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A nice example of Moll's map of the British, French and Spanish regions of North America, reduced from his landmark Sasquehanna Village map.

The map, which appeared in Moll's Atlas Minor, is one of the smaller format English maps of the period, with dozens of place names throughout. The map predates the Georgia Colony, with Carolina extending south to Florida. A number of the French and British Forts in the US and Great Lakes regions appear. The detail along the Mississippi is excellent, showing Indiana Names, settlements, forts, trading posts, etc., although the Mississippi itself is misprojected to the West.

The detail in Texas and New Mexico is also nice for the period, with an area listed as parts unknown and a reference to Lahontan's Lake and River System in the upper left corner.

A marvelous map, showing the best of contemporary cartography in the early 18th Century.

Condition Description
Original hand-color in outline. Early manuscript correction to "Deg. East from London" (to "West"). Minor marginal staining.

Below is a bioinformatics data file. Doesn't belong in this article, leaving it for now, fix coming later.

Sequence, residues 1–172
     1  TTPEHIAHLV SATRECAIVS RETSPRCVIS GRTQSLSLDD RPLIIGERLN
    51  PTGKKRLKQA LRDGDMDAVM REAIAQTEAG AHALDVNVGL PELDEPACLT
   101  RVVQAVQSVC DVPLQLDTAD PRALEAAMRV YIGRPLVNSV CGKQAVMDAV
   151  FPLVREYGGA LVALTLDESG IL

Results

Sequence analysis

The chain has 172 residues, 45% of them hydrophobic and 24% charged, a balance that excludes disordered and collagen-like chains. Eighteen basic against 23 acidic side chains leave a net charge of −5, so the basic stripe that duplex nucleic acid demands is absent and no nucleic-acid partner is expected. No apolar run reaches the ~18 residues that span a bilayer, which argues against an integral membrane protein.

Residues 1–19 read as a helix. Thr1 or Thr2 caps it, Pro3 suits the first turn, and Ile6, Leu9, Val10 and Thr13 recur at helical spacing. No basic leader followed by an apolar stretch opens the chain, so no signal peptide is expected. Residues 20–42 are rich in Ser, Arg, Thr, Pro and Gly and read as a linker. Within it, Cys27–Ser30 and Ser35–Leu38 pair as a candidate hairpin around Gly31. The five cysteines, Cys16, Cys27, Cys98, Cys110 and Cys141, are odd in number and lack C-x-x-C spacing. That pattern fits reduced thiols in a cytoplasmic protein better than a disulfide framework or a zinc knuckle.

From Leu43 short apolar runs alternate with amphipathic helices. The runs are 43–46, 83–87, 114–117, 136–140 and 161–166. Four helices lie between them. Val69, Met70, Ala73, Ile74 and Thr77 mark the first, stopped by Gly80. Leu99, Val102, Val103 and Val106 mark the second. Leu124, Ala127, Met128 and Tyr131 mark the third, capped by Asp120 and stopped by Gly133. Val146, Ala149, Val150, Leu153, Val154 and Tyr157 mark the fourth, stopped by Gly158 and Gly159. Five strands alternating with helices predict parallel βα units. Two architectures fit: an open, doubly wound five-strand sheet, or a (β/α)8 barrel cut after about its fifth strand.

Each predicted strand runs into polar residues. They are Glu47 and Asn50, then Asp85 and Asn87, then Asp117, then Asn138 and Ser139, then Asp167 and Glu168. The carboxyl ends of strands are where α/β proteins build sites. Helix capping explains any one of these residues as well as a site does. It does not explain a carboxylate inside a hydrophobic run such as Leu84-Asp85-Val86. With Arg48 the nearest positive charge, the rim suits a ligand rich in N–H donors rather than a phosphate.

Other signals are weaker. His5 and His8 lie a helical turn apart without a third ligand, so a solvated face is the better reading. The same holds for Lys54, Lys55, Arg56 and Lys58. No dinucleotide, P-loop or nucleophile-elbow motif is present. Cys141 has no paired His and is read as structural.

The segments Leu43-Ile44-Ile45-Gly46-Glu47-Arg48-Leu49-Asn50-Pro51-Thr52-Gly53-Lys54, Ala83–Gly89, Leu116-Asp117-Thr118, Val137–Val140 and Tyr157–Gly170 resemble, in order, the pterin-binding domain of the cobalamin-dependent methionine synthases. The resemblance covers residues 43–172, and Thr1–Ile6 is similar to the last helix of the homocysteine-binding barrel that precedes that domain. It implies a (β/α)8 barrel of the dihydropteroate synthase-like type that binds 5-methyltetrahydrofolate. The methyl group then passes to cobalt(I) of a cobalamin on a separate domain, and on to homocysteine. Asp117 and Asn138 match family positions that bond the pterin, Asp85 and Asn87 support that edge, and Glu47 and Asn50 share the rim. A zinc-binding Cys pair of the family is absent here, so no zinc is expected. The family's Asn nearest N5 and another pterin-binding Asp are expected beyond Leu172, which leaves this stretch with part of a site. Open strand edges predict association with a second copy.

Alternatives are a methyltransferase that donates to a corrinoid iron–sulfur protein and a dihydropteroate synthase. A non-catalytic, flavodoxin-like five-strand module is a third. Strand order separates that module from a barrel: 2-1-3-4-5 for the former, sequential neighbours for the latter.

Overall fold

Herman Moll Biography

Herman Moll (c. 1654-1732) was one of the most important London mapmakers in the first half of the eighteenth century.  Moll was probably born in Bremen, Germany, around 1654. He moved to London to escape the Scanian Wars. His earliest work was as an engraver for Moses Pitt on the production of the English Atlas, a failed work which landed Pitt in debtor's prison. Moll also engraved for Sir Jonas Moore, Grenville Collins, John Adair, and the Seller & Price firm. He published his first original maps in the early 1680s and had set up his own shop by the 1690s. 

Moll's work quickly helped him become a member of a group which congregated at Jonathan's Coffee House at Number 20 Exchange Alley, Cornhill, where speculators met to trade stock. Moll's circle included the scientist Robert Hooke, the archaeologist William Stuckley, the authors Jonathan Swift and Daniel Defoe, and the intellectually-gifted pirates William Dampier, Woodes Rogers and William Hacke. From these contacts, Moll gained a great deal of privileged information that was included in his maps. 

Over the course of his career, he published dozens of geographies, atlases, and histories, not to mention numerous sheet maps. His most famous works are Atlas Geographus, a monthly magazine that ran from 1708 to 1717, and The World Described (1715-54). He also frequently made maps for books, including those of Dampier’s publications and Swift’s Gulliver’s Travels. Moll died in 1732. It is likely that his plates passed to another contemporary, Thomas Bowles, after this death.